Picking Your Own Produce- Make A Day Of It!

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by Patrice on February 17, 2011 · 4 comments

in Day Trips

Do your kids think that fruits and vegetables come from a grocery store? Maybe it’s time for a day trip to a local farm that offers customers the option of picking their own produce. The trip will provide fun and learning for the kids and at the same time give the single mom a chance to buy her fresh produce at a reduced rate because labor and transportation cuts are taken out of the final bill.

For the single mom with a picky eater, a day trip to pick produce gives an opportunity to encourage the child to experiment by tasting the raw vegetables that they are picking. Often, just being involved in the process of gathering or preparing food will give even the most picky child an incentive to try something new or be willing to reassess a food that they’ve previously rejected.

When you get to the farm, ask for a picking schedule. Many of the farms that allow families to pick their own products have pre-printed schedules that include estimated times that their fields will be ready for harvesting. If there isn’t a printed schedule, be prepared to jot the information down.

Ask if they offer tours during the non-growing season. Agriculture work goes on year round, whether it’s tending the plants, harvesting, cleanup, making amendments to the soil or planting. Learning about the workings of a large farm can be interesting to a child, even one who has never before shown any interest in gardening.

Visiting a farm doesn’t have to be limited to picking produce. Working orchards can also offer opportunities for a day trip. Depending on the area you live, the collection of maple sap and the conversion to syrup and candy offers an opportunity to learn and have fun.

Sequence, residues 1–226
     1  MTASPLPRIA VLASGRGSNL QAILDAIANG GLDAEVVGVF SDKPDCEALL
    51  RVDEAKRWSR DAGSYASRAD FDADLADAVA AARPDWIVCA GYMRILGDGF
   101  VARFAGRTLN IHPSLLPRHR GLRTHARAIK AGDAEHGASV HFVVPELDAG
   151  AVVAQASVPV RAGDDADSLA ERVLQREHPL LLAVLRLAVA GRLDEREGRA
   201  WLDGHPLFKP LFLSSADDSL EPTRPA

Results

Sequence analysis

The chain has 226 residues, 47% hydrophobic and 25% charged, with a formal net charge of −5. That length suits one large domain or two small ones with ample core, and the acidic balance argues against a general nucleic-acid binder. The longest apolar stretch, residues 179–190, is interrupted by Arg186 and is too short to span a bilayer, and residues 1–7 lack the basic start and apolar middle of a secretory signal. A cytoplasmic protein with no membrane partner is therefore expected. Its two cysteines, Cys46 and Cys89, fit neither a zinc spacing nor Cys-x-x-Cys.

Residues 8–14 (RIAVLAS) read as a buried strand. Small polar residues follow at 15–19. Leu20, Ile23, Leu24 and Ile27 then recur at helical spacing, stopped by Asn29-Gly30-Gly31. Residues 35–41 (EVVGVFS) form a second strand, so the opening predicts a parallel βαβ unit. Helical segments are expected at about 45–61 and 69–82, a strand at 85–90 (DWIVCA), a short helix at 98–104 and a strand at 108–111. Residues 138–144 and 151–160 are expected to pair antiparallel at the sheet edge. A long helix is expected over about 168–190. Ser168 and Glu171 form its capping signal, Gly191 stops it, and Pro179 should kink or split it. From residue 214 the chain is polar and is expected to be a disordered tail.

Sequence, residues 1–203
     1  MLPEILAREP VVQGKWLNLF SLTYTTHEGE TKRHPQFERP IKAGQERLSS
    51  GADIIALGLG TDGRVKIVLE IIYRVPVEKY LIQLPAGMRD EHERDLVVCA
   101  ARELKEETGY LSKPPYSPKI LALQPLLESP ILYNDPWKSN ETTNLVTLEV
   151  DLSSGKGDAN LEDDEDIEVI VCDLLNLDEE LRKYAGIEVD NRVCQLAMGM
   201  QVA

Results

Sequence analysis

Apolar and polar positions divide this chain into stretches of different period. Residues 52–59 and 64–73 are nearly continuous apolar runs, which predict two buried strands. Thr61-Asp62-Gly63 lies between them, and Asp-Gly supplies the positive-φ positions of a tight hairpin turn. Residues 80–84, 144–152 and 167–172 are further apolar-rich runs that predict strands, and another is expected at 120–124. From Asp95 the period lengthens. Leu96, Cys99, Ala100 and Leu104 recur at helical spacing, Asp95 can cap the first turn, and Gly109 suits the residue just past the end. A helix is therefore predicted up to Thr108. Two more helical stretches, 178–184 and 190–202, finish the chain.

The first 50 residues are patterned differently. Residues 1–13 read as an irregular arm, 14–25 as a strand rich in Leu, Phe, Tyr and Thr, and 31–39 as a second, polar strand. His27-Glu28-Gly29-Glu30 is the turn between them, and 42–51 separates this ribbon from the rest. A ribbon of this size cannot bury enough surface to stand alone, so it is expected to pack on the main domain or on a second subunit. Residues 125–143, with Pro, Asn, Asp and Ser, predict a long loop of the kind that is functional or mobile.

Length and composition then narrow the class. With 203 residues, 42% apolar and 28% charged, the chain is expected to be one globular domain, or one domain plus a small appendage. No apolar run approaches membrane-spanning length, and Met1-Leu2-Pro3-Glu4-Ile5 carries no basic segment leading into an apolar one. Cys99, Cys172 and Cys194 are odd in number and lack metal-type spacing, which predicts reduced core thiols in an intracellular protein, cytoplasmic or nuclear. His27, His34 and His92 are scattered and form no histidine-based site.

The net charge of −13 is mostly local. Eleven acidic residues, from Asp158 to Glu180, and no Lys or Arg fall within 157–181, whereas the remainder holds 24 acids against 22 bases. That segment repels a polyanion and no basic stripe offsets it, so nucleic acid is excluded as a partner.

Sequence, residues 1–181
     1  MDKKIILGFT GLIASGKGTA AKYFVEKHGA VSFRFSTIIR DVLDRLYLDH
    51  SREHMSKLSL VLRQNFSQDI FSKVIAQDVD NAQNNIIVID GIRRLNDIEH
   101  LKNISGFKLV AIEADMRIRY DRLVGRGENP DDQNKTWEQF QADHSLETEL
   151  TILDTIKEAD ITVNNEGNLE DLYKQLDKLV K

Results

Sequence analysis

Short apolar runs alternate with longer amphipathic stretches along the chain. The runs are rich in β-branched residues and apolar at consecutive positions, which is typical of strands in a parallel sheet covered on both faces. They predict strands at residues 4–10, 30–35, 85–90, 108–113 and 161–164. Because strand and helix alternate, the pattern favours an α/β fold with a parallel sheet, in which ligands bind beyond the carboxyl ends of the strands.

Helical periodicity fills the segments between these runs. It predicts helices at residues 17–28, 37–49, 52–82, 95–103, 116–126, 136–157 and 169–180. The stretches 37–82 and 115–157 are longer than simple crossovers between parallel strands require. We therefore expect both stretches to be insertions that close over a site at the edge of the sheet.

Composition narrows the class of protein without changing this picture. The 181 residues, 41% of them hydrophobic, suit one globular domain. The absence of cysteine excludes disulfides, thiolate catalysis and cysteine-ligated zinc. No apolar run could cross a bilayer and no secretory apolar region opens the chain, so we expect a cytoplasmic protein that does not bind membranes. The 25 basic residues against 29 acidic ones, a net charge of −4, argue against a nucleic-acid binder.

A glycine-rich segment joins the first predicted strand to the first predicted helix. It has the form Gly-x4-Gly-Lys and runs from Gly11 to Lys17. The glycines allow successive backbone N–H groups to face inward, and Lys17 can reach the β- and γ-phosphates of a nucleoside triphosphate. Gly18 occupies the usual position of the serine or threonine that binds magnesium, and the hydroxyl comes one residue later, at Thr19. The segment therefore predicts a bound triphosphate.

Don’t overlook the Christmas tree farms in your search for a day trip destination. Work goes on year round, not just in preparation for the holidays.

Some farms process their harvests into food products or other end products that they sell and have little shops on site. Ask the owner or manager on site if they would be willing to allow you to bring your family back at a later date for a tour.

Other family activities are sometimes offered at local farms. Some offer hay rides or mazes in the fall after the harvest. Some offer sleigh rides in the winter. Be sure to seek out these opportunities for future day trips.

A visit to a working farm can be fun, educational and save the single mom money on the grocery bill, but the single mom has to be aware of the hazards that may be in the area. If your child has allergies or chemical sensitivities, ask questions before they are exposed to a substance they may react to.

Children have to be well supervised at all times, not only to keep them safe, but to protect the farmer from any damage that may be caused to their crops.

About Patrice

Patrice Campbell is a freelance writer working from the Denver area. Campbell started her writing career in the 1980’s, working for several Wisconsin local papers as a news, human interest and features writer, as well as a photographer.


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{ 4 comments… read them below or add one }

Angie February 17, 2011 at 11:40 am

I did this with my nephew who is a very picky eater. He prefers sweets to veggies and fruits. I took him to a farm to pick his own. We talked about each of the veggies he picked and the fruits as well. Then when we got home he helped wash them and got to pick a way to prepare them. He decided he would try strawberries over ice cream. And he loved it! And he know loves to go and pick his own.

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Savannah February 22, 2011 at 9:22 am

Isn’t it fun? You could even try making your own garden at home as well – then he can grow them as well as pick them!

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Amanda February 22, 2011 at 10:31 pm

This is an interesting idea, I would like to try this farm trip. Maybe through this I will get my kids attention to eat more vegetables and fruits, because they don’t like it very much. I also agree that it will be a fun and learning experience too.

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Savannah March 1, 2011 at 9:59 am

Try going to farms with animals at them as well – it can make it even more fun and interesting to get to feed and play with animals.

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